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IRS Offers Limited Relief for Small Nonprofits

MSK Client Alert
August 2010

by David Wheeler Newman

The Pension Protection Act of 2006 made two important changes affecting tax-exempt organizations, effective January 1, 2007. Prior to that legislation, charitable organizations that had gross receipts of less than $25,000 were not required to file an annual information return (Form 990 or 990-EZ) with the IRS. The Act now requires all tax-exempt organizations, other than churches and church-related organizations, to file an annual return with the IRS. Smaller nonprofits, with annual gross receipts of less than $25,000 satisfy their annual filing obligation by submitting an online report, IRS Form 990-N, Electronic Notice (e-Postcard) (see for details).

Second, the Act also required that any tax-exempt organization that fails to file required returns for three consecutive years automatically loses its federal tax-exempt status. If an organization loses its exemption, it must reapply to the IRS, and any income received between the revocation date and renewed exemption may be taxable. Recent reports suggest that over 300,000 small nonprofits are at risk of losing their tax-exempt status for failing to comply with the Form 990-N filing requirements – after the IRS sent more than a million notices to small nonprofits about the new filing requirement. It is likely that many of these organizations will lose their tax exemption this year. Early next year, the IRS plans to publish a list of charities and other nonprofits that have lost their tax-exempt status. Contributions to those charities will thereafter no longer be deductible.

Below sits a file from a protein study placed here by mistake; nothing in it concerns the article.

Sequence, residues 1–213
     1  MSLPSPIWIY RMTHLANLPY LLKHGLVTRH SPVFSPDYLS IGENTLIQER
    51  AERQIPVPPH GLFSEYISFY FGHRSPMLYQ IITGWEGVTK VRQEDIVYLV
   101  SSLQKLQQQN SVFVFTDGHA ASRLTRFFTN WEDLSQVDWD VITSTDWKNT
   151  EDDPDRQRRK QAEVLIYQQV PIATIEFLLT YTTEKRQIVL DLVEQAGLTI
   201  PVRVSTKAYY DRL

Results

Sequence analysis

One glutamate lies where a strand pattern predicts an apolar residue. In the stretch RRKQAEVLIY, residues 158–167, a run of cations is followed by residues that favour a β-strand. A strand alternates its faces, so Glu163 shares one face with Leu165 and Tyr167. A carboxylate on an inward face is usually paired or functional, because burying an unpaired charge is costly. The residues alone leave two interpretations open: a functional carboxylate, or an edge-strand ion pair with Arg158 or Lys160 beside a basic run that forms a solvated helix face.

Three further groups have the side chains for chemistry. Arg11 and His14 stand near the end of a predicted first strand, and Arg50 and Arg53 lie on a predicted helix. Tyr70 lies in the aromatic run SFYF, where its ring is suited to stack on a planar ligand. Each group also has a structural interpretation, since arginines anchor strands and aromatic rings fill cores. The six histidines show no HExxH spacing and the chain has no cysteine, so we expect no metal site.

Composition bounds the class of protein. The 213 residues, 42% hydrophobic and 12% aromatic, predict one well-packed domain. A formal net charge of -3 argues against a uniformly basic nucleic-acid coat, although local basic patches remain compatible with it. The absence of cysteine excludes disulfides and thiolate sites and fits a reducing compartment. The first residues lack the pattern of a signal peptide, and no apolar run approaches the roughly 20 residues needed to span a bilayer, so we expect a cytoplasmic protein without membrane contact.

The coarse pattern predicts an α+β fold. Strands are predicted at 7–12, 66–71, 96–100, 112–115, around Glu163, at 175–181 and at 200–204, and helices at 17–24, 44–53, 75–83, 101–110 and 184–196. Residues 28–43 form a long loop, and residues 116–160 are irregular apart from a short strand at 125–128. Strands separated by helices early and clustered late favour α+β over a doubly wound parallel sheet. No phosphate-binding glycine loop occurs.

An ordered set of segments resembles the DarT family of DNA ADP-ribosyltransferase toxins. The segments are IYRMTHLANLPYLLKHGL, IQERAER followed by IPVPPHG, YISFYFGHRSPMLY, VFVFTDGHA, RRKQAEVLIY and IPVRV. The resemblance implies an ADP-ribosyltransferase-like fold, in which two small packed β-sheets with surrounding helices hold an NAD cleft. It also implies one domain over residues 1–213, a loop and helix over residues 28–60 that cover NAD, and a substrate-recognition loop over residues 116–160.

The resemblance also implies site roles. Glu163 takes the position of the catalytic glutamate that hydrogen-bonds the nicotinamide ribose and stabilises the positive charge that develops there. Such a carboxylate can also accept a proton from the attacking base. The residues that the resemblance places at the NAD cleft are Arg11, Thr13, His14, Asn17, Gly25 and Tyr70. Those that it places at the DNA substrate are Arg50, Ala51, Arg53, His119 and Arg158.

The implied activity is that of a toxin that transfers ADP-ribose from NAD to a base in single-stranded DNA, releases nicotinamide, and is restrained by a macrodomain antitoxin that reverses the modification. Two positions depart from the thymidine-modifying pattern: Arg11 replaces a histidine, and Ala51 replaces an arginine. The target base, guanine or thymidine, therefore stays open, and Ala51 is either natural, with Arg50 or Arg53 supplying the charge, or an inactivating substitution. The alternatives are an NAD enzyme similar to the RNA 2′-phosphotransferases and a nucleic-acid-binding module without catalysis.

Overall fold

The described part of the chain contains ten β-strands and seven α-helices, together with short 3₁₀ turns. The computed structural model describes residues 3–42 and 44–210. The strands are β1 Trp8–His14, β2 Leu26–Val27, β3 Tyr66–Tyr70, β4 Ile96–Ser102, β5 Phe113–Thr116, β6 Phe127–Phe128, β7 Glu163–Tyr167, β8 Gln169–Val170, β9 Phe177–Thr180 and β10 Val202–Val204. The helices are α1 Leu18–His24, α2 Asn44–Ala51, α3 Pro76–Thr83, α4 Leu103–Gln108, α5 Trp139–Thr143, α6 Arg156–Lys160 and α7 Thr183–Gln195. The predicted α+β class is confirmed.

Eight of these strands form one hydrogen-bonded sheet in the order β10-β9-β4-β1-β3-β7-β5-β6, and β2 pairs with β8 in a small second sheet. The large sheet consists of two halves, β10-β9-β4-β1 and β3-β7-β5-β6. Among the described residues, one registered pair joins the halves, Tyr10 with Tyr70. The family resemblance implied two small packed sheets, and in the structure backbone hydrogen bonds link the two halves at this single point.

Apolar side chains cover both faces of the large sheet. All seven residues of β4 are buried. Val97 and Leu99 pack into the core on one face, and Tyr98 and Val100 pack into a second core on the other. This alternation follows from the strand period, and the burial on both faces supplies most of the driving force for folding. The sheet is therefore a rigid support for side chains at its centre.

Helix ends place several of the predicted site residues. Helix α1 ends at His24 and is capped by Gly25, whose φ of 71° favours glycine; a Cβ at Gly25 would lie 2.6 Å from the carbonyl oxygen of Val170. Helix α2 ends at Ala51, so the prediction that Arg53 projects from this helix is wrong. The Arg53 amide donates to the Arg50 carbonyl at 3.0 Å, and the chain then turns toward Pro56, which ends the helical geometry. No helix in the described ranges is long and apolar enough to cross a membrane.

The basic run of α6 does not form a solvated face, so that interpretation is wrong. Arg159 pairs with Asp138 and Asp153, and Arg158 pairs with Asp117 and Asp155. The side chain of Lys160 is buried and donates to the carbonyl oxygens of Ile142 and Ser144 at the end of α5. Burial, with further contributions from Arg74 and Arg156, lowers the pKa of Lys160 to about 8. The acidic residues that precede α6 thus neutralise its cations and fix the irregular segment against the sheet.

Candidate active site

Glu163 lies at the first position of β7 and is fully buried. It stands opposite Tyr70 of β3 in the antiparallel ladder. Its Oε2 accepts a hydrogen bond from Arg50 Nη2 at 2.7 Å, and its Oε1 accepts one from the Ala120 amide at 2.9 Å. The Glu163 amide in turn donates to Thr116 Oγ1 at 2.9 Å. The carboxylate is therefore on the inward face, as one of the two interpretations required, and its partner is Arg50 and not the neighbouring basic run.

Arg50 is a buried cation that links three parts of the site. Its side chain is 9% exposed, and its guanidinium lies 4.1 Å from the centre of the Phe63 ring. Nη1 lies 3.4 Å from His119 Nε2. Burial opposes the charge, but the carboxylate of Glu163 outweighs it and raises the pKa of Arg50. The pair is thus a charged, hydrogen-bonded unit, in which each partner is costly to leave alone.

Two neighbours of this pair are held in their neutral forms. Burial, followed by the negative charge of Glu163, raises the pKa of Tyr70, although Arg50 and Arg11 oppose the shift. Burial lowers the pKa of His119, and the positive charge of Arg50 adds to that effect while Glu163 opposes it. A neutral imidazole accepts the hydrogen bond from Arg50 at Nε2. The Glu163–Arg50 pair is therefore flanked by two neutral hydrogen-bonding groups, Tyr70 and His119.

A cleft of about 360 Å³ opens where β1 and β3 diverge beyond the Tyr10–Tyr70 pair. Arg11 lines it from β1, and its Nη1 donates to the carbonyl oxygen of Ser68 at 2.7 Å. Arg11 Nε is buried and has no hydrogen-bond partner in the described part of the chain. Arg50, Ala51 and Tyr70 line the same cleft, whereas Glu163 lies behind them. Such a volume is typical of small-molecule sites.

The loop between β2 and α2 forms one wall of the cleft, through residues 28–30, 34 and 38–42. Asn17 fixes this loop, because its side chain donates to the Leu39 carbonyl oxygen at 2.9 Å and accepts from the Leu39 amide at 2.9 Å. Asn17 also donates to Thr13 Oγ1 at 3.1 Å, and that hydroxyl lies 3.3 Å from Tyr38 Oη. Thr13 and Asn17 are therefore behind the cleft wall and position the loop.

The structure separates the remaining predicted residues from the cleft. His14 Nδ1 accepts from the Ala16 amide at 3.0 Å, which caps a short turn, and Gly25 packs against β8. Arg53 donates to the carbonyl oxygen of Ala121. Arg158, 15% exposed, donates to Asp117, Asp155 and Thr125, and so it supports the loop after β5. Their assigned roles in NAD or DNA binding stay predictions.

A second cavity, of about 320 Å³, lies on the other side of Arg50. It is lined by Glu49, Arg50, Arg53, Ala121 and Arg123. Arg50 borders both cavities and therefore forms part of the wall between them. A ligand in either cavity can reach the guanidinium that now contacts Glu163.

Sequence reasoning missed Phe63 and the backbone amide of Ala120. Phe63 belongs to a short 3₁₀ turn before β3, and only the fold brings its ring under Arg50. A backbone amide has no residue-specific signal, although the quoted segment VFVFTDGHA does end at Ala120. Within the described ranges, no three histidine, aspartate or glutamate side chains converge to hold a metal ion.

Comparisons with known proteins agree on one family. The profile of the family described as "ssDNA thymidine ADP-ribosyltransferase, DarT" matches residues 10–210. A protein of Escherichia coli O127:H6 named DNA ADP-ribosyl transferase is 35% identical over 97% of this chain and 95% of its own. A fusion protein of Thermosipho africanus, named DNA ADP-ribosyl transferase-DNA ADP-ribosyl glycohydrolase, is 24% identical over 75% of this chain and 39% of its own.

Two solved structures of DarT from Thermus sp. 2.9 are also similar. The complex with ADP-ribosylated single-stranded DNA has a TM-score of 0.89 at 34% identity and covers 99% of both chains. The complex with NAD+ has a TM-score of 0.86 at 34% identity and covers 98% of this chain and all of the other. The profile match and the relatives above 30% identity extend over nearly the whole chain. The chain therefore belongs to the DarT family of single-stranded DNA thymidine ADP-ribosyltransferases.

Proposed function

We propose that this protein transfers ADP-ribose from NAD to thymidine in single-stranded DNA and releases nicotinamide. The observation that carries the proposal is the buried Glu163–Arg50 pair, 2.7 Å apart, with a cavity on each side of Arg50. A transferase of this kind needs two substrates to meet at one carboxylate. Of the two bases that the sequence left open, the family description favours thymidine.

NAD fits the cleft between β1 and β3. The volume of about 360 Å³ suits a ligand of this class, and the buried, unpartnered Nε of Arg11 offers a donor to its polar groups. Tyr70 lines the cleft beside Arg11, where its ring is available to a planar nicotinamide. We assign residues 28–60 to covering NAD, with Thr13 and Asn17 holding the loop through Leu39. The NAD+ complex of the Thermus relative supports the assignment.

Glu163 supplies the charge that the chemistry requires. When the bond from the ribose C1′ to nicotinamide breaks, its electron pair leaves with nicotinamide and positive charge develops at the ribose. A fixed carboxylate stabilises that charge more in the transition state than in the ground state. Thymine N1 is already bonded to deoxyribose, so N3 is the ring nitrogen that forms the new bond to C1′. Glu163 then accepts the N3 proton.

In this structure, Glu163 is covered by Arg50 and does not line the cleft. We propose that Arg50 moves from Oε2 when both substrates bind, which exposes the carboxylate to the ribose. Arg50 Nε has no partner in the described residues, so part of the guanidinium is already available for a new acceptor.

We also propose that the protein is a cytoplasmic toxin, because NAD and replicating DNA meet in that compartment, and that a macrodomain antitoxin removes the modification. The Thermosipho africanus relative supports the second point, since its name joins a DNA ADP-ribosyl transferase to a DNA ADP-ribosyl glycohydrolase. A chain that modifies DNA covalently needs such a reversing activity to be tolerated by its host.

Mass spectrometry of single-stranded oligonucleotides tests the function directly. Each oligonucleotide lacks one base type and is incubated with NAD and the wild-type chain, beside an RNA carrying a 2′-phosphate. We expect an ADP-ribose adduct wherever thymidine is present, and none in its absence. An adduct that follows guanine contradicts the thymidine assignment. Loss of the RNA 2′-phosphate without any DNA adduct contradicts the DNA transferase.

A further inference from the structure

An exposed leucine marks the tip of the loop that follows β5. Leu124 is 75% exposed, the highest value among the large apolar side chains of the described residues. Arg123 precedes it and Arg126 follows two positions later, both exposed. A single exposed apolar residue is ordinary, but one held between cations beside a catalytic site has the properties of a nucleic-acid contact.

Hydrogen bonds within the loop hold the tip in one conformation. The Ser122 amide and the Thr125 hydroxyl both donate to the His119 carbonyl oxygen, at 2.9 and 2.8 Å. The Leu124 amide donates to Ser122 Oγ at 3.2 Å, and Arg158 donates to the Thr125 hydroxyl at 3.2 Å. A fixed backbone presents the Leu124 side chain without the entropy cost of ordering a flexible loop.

On July 26, the IRS announced a limited one-time program to help small nonprofits avoid loss of exemption under these rules. Under the program, small nonprofit organizations at risk of losing their tax-exempt status because they failed to file required returns for 2007, 2008, and 2009 can preserve their status by filing returns by October 15, 2010. The only thing that one of these small charities needs to do is go to the IRS website, supply the information required on the (very brief) form, and electronically file it by October 15. The charity will then be brought back into compliance.

As part of the announcement, the IRS posted, on a special page at, a list of "at-risk" small charities that are in danger of losing their tax-exempt status for failing to file the Form 990-N for the past 3 years, together with contact information for those organizations.

Members of the MSK Charitable Sector Practice Group are available to answer any questions you may have regarding the Act and the one-time compliance process described above.

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